Take a look at the Google Analytics chart below for one of our hotels. It shows that 18 Assisted Conversions generated about $4,260 for the property. In addition, if you look at the column labeled Last Interaction Conversions you will find the number of conversions that were a result of the user coming directly from a social media channel. In this case, the hotel made almost $12,000 from visitors who arrived directly from sites like Facebook, Twitter, Google+ and others.

 

Also, keep in mind that this hotel has no active social media presence. The conversions shown above are a result of a basic presence featuring minimal engagement with their potential customer base. If this is what the hotel is generating without even trying, just imagine the potential of social media if they actually invested in an active marketing campaign!

Direct revenue from social media is low? So what?

Yes, financial return that is directly attributed to social media will likely be low for most hotels. So what? If you think about it, people don’t join social networks so they can read advertisements or be spammed with special offers. If that’s your idea of social media then your campaign definitely needs a new strategy.  Consumers are there to connect with friends and families. Fortunately, many people also follow companies and brands they like, as long as those businesses provide interesting, valuable content, and don’t spam their followers with constant advertisements.

Social media for most hotels will never be the revenue generator that organic search has been, so stop thinking of it that way. Social media is a more open, friendly communication. It’s the General Manager walking around the hotel, shaking hands and asking, “So, have you had a pleasant stay with us?” It’s not so much about advertising your product, but rather it’s about making your product more valuable, more approachable and more accessible to your customers. Social media is that handshake with customers before they even enter your doors.

It’s how your customers choose to communicate with you

Even if you completely write off social media ROI as nothing more than smoke and mirrors, social media is the way customers expect to be able to contact your hotel in the 21st century. It’s not the only way customers want to connect, but it should be an option offered by the hotel. Currently people can make reservations at a hotel by calling or booking online. But if the hotel suddenly dropped its phone service and forced new customers to only book online, there would certainly be a lot of unhappy customers who would have preferred to call in their reservation. Although offering both options certainly comes at a higher cost for the hotel, it also makes it more accessible to a wider audience who might prefer one mode of communication over the other. Hotels should want to provide as many channels for their customers to communicate with them as possible.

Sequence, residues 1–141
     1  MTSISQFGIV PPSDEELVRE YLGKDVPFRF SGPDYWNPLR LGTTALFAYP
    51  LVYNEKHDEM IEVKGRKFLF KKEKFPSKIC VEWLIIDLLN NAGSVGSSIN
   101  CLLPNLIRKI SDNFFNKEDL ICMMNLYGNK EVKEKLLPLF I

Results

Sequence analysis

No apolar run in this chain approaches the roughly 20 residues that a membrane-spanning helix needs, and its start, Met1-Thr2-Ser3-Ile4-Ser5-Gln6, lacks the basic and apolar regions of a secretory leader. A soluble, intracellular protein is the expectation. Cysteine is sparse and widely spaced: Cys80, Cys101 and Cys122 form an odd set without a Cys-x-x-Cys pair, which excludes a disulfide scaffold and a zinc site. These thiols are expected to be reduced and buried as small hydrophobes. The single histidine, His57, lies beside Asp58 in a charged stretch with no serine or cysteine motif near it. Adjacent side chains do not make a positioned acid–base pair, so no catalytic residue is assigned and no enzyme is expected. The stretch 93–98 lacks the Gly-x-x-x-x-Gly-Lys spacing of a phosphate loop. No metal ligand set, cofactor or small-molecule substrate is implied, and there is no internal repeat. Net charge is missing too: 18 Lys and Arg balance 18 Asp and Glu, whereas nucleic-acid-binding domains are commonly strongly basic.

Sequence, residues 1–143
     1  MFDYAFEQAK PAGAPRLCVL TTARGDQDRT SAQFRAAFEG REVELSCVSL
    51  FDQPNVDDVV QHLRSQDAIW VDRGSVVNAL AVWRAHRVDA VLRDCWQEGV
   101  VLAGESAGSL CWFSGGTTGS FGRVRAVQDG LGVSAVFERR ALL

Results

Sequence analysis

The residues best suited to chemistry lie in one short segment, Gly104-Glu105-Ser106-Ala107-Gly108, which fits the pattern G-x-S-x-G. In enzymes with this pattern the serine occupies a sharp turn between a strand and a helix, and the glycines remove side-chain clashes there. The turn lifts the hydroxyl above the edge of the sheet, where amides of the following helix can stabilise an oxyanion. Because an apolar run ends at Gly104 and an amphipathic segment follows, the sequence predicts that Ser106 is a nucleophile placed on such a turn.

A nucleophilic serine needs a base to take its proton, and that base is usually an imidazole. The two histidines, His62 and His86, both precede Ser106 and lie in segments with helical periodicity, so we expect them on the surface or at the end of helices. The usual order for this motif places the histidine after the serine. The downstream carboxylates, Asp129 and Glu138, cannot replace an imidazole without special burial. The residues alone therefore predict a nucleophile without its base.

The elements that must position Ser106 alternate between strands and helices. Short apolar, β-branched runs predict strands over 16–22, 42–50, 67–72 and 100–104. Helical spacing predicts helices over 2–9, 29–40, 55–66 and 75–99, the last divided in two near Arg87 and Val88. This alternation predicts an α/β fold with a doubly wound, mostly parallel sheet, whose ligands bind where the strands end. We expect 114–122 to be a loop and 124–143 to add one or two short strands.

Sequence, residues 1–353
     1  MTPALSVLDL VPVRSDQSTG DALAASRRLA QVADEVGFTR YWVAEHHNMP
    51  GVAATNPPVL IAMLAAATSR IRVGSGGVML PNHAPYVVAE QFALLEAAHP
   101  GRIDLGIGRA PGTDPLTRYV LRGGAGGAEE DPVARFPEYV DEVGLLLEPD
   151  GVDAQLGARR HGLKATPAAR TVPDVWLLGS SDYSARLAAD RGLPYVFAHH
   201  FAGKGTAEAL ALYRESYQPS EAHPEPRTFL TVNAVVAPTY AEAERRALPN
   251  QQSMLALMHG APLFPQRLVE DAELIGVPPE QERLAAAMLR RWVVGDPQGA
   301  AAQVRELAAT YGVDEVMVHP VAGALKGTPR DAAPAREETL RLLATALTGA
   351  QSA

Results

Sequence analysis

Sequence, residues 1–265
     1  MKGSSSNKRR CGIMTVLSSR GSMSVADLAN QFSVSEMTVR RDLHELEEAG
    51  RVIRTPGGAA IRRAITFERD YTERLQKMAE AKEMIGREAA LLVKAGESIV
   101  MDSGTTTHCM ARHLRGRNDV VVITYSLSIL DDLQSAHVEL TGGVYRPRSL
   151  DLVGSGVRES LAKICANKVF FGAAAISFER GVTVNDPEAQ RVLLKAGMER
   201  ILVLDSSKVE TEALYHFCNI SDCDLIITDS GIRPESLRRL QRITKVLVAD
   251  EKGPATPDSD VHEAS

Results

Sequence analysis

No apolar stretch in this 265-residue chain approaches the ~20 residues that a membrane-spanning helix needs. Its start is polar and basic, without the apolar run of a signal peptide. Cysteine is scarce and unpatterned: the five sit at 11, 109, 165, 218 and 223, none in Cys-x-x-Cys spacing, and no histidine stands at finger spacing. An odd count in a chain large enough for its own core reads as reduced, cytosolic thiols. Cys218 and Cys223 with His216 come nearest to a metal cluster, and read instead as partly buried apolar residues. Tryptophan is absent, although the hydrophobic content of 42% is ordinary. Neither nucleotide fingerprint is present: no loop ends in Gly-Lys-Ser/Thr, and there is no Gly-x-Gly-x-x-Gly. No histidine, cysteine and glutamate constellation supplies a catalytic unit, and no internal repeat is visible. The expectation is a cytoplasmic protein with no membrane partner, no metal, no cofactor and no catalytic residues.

Social media makes other features of your hotel more valuable

Your hotel would still function without a concierge, without a pool and without a bellhop, but those features add value to your overall product. Social media is the same. It doesn’t function in a vacuum. This means you need to fully integrate social media into your overall marketing plan. When paired with natural search, added to your website, tied in with local events and encouraged onsite at your property, social media makes it easier for customers to connect with your hotel. Moreover, it gives them the opportunity to provide you with valuable feedback and then share their experience easily with friends and family. Best of all, it means your own customers can become the most valuable marketing tool in your entire arsenal: a positive, word-of-mouth recommendation.

Everything online has a social component these days, so don’t be a wallflower

Even if you don’t subscribe to the concept of “connecting with customers,” consider this: search engines such as Google and Bing have quickly moved towards more socially-integrated platforms. This means that your rankings in the major search engines are already impacted by your reputation (or lack thereof) on popular social media networks. Google’s local search has already been assimilated into their own social media platform, Google+. Likewise, Bing has been taking social cues from your Facebook friends and relevant experts in order to provide you with more useful search results. Even TripAdvisor has integrated Facebook, highlighting hotels that your friends and family have liked or visited. The popular travel site then uses that information to give ranking preference to those hotels more highly favored among your social network.

Social media is still important even if it never creates a single direct booking for your hotel

Even if you never know how much direct revenue is being generated by your social media campaign, at this point it should be clear that social media has a tremendous impact on your hotel’s other online marketing channels. When a significant portion of your online revenue comes from search engines, and social cues are influencing search engines rankings, you can not afford to leave social media out of your marketing mix.

Although most people focus on the financial return when they consider the R in ROI, that’s not always the case. The return on your investment is the additional value (different from money) that is created through your investment. The value of this return could come in the form of:

In the end, you may not know exactly how much exact revenue each of these tools generated for your hotel, but there’s no question each plays a valuable part in the overall marketing of your hotel. Next time you demand to know the ROI on your social media campaign, consider the other kinds of return that will likely be realized, beyond the direct revenue. It may difficult to assess that value, but not every important investment needs to have direct financial return in order to be valuable to the growth of your business.

Want more information?

Give us a call at 877-361-1177 x202 or send us a note if you are interested in finding out more about independent websites or how Blue Magnet can help you achieve your hotel’s ecommerce goals.